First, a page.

Hey, conflicted racquet-sports addict: do you love tennis, but find the sport's snail's pace, 19th century etiquette, and upper-crust sensibilities a little off-putting in today's modern world?
Great news. The International Premier Tennis League (IPTL) is your new-world savior, following in the thunderous footsteps of Vince McMahon's XFL or golf's rebranding with big holes and soccer balls. "Break the Code" is its rallying cry—to be remembered should the league's ground-breaking format forever change the tennis landscape.
Whether the IPTL is a "revolutionary team tennis event breaking through the boundaries of traditional tennis formats," or a thinly-veiled, capitalist ploy to tap Indian and Southeast Asian markets, who cares? It's revolutionary, according to Novak Djokovic, and that's all that matters; even if it is strikingly similar to World TeamTennis of 1970's fame (which, by the way, still exists).
The newly-formed league has all the fixings of what makes ATP and WTA Grand Slams great—Roger and Novak, Sampras and Agassi, Serena and Sharapova, an official $1 million championship prize (unofficially, $1 million-per-player payouts for top-drawers), and the added bonus of elite-squads from Manila, Delhi, Singapore, and Dubai, all vying for a gold-plated tennis racket.
But that's certainly not all. Want a shot clock and no ad scoring? Finally! Timeouts, team-huddles, and cheerleaders? Take that, American football. Not to mention, Coca-Cola and Qatar Airlines as sponsors, and team names like the Micromax Indian Aces, DBS Singapore Slammers, and Musafir.com UAE Royals rivaling the bold, clunky branding of college bowl games.
Need more? How about "happiness power points" worth double? Chair umpires that moonlight as hype-men to get crowds jacked? Or extremely perplexing scoring rules that even IPTL participants don't fully understand?
(For glorious proof, start around 34:00 and watch the epic Federer-Djokovic Delhi duel, where Fed took his victory-lap-and-racket-clap, only to be forced to restart, with no explanation from an expertly-edited telecast, eventually leading to a 6-6 final result. Because total games counted, not set-scoring, is the future. Even if Andre Agassi is "shockingly uncomfortable" with the format.)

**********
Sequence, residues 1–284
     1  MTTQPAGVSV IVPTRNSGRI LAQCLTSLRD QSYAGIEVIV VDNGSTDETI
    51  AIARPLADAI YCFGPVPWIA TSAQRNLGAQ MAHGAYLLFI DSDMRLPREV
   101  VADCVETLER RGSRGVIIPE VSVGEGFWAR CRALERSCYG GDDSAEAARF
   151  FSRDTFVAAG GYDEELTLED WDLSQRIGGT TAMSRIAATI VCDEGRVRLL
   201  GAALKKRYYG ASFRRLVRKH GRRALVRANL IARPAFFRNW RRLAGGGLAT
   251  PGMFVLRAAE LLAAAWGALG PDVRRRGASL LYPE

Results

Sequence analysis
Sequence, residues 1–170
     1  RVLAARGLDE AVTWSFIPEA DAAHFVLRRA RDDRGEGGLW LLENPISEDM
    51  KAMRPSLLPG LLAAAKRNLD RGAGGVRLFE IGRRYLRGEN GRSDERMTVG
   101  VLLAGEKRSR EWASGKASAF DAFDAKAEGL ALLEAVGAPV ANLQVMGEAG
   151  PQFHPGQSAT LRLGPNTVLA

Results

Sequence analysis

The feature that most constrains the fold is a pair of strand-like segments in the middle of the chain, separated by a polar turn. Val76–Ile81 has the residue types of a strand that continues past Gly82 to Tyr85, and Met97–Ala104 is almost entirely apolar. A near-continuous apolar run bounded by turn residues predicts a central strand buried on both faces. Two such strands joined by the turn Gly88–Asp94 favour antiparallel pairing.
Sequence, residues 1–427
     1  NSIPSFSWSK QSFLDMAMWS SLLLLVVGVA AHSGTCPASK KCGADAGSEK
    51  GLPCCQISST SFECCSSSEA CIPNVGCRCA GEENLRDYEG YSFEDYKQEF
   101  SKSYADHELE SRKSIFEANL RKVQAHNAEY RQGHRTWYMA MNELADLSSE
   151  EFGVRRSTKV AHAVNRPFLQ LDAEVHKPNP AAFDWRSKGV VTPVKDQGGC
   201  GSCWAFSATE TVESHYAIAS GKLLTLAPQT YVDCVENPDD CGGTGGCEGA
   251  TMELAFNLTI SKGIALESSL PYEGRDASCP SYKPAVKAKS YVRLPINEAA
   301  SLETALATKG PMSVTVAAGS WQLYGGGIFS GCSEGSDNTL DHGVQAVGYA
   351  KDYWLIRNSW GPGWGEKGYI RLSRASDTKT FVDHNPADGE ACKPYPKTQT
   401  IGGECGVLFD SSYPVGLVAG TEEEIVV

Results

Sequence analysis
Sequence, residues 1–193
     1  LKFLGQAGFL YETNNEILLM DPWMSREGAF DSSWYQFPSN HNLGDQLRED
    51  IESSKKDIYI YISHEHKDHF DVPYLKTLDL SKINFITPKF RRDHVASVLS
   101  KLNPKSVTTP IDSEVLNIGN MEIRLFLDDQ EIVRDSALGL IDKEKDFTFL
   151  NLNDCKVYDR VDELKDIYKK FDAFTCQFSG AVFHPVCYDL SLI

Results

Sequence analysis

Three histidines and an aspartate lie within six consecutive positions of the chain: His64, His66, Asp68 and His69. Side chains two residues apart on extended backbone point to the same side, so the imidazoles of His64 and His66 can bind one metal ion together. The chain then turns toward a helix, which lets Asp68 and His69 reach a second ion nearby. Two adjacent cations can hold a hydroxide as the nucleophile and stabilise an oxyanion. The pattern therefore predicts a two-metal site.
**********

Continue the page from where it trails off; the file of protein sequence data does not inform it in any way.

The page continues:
The brainchild of Mahesh Bhupathi, a 40-year-old with 52 career doubles titles, the IPTL could swell to eight-teams by 2020, carrying the torch with fresh-format leagues across India such as the Hockey India League, the Indian Super League (whose soccer final saw 429 million people tune in), short-form cricket's successful Twenty20 Indian Premier League, and, undoubtedly, the burgeoning behemoth of professional kabaddi.
Of course, the league has haters, like ATP president Chris Kermode, who, in October, told reporters in Shanghai the IPTL was "just a series of glorified exhibitions."
Even Kermode sounded lukewarm about the future, firing a passing shot in the process: "I actually don't have a problem with it. It isn't the ATP's business what the players did in the off-season, even if they criticize the duration of the tour and then jet away to play exhibition events when the curtain falls on the calendar."
Which brings us to the bad news: if you're ready to book a one-way ticket to India and become a league roadie, you must wait 11 months. Because after three weeks of battle, culminating on December 13, Federer's Indian Aces claimed the league's inaugural title, declaring the experience "crazy but good fun."
The revelry of capitalizing on the golden opportunity was, indeed, perfectly balanced by the Swiss maestro's curiously-tepid excitement (and double-negatives) expressed ahead of the IPTL draft back in March:
"I don't know much about it to be honest," Federer said. "I just didn't sign up because I didn't want to. I first wanted to see it get off the ground. I wanted them to put in the work. They've already signed up a lot of other guys. I hope it's going to be successful, because there is definitely potential in the Asian market, so many people live here, a lot of tennis enthusiasts come from this part of the world.
"Who knows what's possible?"
Happiness—in the assorted stadiums, in the "power points" and in these pro's pocketbooks—now seems more actualized reality than mere possibility, thanks to the IPTL.
But with the Australian Open's January 19 start approaching, it's back to the same ol' shot-clock-less grind for most of the league's stars; until 2015's second-season rolls around, with the sweet sounds of DJ Irie available to occupy fans between now and then.
See you in Asia next winter.